Willow Creek History by Marcia Penner Freedman About the Author Fighting Fire in the Sierra National Forest Willow Creek History Marcia Penner Freedman

Fighting Fire in the Sierra National Forest

Fighting Fire in the Sierra National Forest

To live in the Sierra foothills on the periphery of the national forest is to live with the certainty of summer wildfires breaking out somewhere nearby. Come April, May, and June each year, Californians become alert to the prospect of wildfires. We listen to the news from around the state and follow the progress of a fire two hundred miles away. We watch the sky and sniff the air for the telltale signs of a fire.  It’s a reality we all live with.

Charles Howard Shinn, the first supervisor of the vast Sierra National Forest understood this.  In 1907 he wrote, “…one certainly lives on the wavering edge of trouble between June and December.” In those early years of the twentieth century, fire management was predicated on the notion that fire was the forest’s greatest enemy, a proposition put forth by Gifford Pinchot, the first Superintendent of the National Forest Service. This idea would dictate fire management policy until the mid-1960s, which marks the beginning of the environmental movement and a shift in thinking among public officials about fighting fires in the Sierra forest.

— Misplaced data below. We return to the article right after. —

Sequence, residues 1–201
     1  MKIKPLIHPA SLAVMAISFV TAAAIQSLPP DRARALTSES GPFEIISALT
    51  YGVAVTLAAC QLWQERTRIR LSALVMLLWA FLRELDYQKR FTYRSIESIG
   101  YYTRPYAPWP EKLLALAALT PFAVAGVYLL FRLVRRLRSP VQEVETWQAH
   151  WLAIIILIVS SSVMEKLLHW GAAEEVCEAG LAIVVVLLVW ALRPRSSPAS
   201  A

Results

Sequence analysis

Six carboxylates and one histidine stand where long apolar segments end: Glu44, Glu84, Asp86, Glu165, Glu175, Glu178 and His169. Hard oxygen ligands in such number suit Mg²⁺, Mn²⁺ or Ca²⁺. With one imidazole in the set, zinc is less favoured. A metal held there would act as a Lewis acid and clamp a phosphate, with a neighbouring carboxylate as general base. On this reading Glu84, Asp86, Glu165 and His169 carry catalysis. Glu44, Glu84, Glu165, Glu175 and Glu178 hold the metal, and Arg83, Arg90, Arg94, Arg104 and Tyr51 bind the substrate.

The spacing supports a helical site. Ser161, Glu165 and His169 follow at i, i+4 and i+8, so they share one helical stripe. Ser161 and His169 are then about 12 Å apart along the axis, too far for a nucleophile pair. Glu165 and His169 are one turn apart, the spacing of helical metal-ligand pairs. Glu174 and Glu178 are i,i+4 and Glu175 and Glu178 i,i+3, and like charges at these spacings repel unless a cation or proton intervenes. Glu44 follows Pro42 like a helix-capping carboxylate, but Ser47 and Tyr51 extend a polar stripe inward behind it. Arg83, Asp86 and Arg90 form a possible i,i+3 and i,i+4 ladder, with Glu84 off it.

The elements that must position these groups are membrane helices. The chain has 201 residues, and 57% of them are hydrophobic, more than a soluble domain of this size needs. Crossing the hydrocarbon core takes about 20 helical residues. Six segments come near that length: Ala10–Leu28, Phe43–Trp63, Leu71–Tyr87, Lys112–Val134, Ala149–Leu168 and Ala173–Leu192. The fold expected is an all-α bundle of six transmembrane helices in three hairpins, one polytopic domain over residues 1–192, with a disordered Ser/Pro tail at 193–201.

Focusing on the Sierra National Forest, this book traces the development of fire management from the beginning of the establishment of the National Forest Service to present day trends. Interweaving stories of people who have in some way been involved with wildfire, the story stands as a prototype of the general situation in California forests.

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Copyright © 2015 Marcia Penner Freedman
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